Anchored to wrong mooring.

We all have been hurt, whether unintentionally or by someone's premeditated intent.

I have never quite understood why people would choose to act that way to another,

whether it was to a friend, acquaintance or strangers.

I believe in second chances, and giving other's the benefit of the doubt.

I can't fathom anyone having this in their individual DNA and purposely

acting this way towards another.  

A few years ago I read that the English word "unkind" actually meant

"to act in a way that is unlike one's true nature."

I have seen it used in spiteful, inconsiderate, thoughtless

and calculatedly ways.

Having been raised in a family where kindness was a prerequisite

to carrying our family's proud name.    

No we weren't the perfect family - far from it.

Our actions were embedded in our family reputation,

and reinforced by knowing that our acts of kindness,

no matter the size created good, and made us feel good doing it.

We all knew, actually the entire village knew who those people were.

The "unkind villagers", who my Viejita would ask us to say extra prayer for.

She would remind us that that we needed to go out of our way to be

extra kind to, be helpful and smile more at.

Problem was that these people were so miserable that when we did

they would come and complain about how we were out to disrespect

and take all opportunites of making fun of them? 

How tragic, to think that their deeply miserable shell would not allow

a child's smile to break through.

So our number one rule was that if we ever ran into them, we must never

be fearful of them, and or stop trying to change their unkind disposition.

Sadly when they died and I was around to attend at least two of the funerals,

they died lonely, and alone.

Very few villagers showed up to their church service,

fewer attended their funerals and or joined in the solemn praying

of the nine consecutive days of the Catholic novenas.

Typically these nine consecutive days of prayer take place in the house

of the deceased or a loved one's home. 

It was a long standing Catholic tradition in our village, where the deceased's surviving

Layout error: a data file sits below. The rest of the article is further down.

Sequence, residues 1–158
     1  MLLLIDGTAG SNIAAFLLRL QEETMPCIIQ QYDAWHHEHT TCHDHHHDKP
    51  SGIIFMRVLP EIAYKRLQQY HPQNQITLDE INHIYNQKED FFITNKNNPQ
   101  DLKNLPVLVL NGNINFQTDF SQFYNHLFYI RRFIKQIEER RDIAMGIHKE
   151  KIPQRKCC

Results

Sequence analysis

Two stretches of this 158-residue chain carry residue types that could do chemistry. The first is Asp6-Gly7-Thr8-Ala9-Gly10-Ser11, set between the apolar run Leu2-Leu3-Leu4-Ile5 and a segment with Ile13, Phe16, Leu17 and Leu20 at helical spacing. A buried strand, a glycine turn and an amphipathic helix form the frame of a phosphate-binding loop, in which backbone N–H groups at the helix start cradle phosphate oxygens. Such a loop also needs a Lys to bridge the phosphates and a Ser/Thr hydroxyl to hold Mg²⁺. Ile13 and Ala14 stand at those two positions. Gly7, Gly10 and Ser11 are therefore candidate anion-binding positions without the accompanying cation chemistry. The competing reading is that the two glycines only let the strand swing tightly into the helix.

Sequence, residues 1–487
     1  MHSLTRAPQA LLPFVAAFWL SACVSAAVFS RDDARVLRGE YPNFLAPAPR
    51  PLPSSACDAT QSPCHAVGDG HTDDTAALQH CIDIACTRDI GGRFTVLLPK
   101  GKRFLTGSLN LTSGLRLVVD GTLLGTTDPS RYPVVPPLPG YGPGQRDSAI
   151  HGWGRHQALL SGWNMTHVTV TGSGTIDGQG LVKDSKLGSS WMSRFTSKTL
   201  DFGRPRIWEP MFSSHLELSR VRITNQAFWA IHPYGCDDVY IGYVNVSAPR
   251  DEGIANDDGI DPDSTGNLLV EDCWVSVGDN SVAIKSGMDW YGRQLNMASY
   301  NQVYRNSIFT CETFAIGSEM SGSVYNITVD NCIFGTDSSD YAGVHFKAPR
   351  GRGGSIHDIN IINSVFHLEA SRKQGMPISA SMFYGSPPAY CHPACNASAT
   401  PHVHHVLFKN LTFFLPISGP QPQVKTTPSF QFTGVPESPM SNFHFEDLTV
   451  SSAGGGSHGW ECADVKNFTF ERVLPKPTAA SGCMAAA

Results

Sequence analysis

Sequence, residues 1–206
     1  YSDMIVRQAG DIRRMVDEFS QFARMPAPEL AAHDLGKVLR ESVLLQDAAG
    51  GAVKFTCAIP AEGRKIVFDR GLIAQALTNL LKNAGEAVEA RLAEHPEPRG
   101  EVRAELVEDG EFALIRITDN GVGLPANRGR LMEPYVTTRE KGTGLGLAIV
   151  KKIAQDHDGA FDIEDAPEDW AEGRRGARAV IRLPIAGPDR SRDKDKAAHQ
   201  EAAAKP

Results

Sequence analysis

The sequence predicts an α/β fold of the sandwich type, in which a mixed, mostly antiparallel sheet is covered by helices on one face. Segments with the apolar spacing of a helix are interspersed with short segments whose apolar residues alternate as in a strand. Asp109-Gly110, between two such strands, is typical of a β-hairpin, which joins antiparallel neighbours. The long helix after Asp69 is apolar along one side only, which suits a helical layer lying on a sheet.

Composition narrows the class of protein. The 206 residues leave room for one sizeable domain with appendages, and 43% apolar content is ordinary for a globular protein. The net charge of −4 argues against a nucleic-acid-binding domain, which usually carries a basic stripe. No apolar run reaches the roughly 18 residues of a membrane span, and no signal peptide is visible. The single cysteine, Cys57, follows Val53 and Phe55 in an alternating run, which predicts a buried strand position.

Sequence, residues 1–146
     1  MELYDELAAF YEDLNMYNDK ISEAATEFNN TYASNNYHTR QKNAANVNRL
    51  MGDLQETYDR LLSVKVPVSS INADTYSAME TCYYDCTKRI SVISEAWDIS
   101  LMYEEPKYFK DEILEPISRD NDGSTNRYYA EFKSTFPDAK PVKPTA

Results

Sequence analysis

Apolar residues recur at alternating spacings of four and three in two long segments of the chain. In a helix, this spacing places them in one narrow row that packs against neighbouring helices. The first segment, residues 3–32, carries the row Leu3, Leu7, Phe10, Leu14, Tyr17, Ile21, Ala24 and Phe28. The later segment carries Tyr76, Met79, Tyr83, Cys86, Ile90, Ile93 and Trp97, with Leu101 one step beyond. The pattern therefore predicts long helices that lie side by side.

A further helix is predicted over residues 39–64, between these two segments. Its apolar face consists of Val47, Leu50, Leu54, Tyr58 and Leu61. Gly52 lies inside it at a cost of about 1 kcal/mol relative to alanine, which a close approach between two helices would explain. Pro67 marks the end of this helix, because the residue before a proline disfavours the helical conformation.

family and friends gathered to pray for nine consecutive evenings.

Those 9 consecutive days were days of mourning and to solicit God's

favor that the deceased could finally rest in peace.

Have you ever faced a similar dilemma?

Pray for people like the one's I've mentioned?

Praying for their personal enlightenment?

Hoping that somehow no matter the perceived wrong and weight could be lifted?

It could very well be that you never see this type of supplication answered.

But prayers remind us of our own actions, and our need to be and showing

consideration and kindness to others everyday.

Kindness in every sense of the word.

Maybe one day your prayers will be transformational.

Hopefully one day the person that is carrying this load can be released

of the mooring that they have anchored or locked themselves to.

Only they have the key and power to redeem the time already lost.

And only then will they be able to move on, to overcome the entire situation,

past, present and future.

Today I continue to keep whomever may be in this situation in my prayers,

that one day everyone that is anchored to the wrong moor...

will one day wake up released from self imposed locks,

and be completely free to continue to sail.

May today be one of inner balance and a day filled with peace and energy.

Make it a prayer filled freedom día.

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